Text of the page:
DSC_6846Our guides were experienced enough, so they quickly understood the situation. As soon as Shaku realized ( not sure exactly how he did it),that the leopard had crossed over, he quickly bought the Land Rover to life and swung towards the right and parked the car on the other side of the impalas.  Again, we switched off the lights and waited in the dark for the leopard to make its move.  We had seen a leopard (probably the same one) wait for its prey that every morning. It lay amidst the tall grass very peacefully and was so well camouflaged that Shaku almost drove into it.  We were just a about a feet away from it with our Land Rover when one of the guests spotted it and yelled at Shaku to stop.  Although it was in danger of being run over, the leopard didn’t move muscle or budge  from its hide out. Infact,  the group of antelopes drinking water a few metres away were completely oblivious to the danger that lurked in the grass near them.

Given the leopard’s patience while hunting and its tendency to move very quietly, we had no idea how long it would take.  Waiting in the dark in the middle of a jungle was rather unnerving.  But the leopard didn’t make us wait too long.  As soon as it leapt from its hiding place, the  impalas gave a cry of distress and started fleeing.  The moment we heard the cry, Shaku switched on all the lights, Peter was ready with the spotlight and we were just in time to see the leopard catch an adult male impala.  The rest of the herd was running helter-skelter but the leopard had a strong hold over the impala’sneck1-DSC_7710_Framed and was slowly but surely choking it to death. Every few minutes, the leopard would release its grasp slightly, almost as though to check if the prey were still alive.  The impala would then writhe, trying to get away but the leopard was of course too strong.  We were all slightly dazed at the sight in front of us, not sure whether to be exhilarated at the sight of the leopard’s skill or whether to feel sorry for the poor impala.   There was no other sound except the constant rat-a-tat as Seejo’s camera kept clicking away.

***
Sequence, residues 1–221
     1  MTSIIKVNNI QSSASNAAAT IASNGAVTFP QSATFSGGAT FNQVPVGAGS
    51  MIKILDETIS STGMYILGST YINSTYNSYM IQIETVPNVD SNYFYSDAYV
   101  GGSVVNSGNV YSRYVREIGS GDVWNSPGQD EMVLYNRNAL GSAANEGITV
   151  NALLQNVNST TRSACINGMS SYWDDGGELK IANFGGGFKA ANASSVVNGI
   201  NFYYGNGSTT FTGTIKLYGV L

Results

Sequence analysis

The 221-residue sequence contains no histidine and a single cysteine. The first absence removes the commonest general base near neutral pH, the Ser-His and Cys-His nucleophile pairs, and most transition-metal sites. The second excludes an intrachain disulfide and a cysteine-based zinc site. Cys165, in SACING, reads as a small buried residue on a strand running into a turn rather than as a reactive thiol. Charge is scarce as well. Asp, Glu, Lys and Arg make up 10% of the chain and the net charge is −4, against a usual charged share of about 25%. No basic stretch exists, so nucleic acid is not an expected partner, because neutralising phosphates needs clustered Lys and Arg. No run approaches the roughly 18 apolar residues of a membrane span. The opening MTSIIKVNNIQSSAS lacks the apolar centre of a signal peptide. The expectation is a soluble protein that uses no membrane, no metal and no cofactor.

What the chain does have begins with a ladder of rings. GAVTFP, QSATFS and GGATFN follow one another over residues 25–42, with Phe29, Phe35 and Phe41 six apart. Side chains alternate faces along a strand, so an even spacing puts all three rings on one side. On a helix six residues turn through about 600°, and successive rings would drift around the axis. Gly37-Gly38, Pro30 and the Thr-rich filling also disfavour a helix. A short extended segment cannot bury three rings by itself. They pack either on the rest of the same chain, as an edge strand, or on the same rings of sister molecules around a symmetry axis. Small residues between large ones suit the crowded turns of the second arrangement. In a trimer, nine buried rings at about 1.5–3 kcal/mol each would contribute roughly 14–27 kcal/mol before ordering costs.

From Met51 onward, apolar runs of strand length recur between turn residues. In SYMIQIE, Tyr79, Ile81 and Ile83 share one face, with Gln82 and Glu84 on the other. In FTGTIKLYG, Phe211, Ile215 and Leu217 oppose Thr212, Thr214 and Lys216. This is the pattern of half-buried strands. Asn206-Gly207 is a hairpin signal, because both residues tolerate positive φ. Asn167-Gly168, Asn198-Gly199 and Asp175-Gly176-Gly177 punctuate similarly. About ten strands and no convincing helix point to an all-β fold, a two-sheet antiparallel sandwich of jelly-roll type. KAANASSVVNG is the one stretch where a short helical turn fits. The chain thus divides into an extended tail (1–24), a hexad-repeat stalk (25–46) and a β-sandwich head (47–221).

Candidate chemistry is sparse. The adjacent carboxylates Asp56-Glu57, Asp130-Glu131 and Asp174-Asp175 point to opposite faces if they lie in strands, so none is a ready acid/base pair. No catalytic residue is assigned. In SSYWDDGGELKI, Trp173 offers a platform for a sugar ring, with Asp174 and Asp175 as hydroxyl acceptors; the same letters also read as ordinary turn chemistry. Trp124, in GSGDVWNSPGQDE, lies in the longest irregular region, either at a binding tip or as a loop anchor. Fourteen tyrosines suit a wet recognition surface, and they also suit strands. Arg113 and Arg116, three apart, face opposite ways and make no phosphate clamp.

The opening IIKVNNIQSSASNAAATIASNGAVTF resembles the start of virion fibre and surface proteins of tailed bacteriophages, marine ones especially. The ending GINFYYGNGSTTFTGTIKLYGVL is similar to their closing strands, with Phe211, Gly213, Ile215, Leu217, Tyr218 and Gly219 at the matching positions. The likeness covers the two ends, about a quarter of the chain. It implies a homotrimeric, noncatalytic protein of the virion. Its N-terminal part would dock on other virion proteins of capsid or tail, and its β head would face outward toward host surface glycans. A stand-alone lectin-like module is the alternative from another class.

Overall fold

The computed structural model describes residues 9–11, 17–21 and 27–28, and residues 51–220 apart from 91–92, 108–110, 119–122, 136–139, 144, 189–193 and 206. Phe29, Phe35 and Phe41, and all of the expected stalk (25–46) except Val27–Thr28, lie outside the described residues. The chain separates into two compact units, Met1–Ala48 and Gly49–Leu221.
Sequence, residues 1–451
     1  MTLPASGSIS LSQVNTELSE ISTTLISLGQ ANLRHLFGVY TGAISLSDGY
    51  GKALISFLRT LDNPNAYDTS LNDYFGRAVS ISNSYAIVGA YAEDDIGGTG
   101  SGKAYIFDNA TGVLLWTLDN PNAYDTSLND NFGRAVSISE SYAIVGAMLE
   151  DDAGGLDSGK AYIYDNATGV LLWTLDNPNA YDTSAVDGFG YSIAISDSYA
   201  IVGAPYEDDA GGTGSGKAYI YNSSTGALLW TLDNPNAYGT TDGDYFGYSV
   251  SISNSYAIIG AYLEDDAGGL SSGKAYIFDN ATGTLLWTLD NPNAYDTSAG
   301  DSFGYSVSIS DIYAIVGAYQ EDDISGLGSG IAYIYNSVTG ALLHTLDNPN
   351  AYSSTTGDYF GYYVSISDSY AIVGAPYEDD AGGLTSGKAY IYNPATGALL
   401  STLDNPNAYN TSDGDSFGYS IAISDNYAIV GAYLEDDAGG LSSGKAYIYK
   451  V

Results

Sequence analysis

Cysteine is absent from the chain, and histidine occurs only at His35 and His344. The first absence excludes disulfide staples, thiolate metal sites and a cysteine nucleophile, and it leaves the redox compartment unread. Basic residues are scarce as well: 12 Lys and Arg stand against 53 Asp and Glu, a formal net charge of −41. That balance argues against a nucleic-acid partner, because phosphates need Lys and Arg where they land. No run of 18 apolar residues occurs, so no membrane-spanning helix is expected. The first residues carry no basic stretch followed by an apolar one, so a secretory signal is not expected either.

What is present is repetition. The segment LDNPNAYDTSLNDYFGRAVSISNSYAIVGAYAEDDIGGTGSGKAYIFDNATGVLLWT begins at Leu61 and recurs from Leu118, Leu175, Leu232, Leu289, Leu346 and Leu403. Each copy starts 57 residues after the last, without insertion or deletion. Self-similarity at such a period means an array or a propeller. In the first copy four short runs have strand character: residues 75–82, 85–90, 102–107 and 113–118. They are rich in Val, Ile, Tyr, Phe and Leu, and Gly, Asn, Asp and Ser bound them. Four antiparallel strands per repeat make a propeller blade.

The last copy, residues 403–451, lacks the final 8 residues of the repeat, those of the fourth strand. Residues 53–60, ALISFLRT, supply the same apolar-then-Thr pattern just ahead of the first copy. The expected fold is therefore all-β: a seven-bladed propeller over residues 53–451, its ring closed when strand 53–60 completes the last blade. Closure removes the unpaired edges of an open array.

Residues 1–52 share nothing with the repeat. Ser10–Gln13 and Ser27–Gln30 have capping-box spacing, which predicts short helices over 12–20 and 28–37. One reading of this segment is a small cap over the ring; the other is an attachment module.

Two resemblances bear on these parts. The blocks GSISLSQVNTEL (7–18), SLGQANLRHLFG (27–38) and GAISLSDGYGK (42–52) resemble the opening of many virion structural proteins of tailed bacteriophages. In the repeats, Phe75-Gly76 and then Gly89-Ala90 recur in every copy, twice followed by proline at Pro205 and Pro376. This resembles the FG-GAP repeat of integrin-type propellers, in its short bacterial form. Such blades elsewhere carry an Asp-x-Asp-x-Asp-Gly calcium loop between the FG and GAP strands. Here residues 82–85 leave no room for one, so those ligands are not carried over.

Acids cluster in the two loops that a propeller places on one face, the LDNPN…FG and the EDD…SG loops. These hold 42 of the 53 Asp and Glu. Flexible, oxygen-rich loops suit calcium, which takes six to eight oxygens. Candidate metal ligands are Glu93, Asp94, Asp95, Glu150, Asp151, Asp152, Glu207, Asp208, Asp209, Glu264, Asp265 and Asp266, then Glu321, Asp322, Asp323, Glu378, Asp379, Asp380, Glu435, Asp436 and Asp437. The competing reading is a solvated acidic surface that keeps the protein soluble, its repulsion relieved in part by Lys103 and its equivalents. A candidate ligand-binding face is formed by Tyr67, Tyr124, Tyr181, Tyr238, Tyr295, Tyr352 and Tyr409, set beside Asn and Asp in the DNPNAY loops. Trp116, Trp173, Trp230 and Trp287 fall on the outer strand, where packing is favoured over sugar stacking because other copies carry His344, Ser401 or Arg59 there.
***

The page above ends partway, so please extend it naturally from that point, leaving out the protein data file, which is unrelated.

Within about 10 minutes, it was all over. The leopard then dragged the impala away into the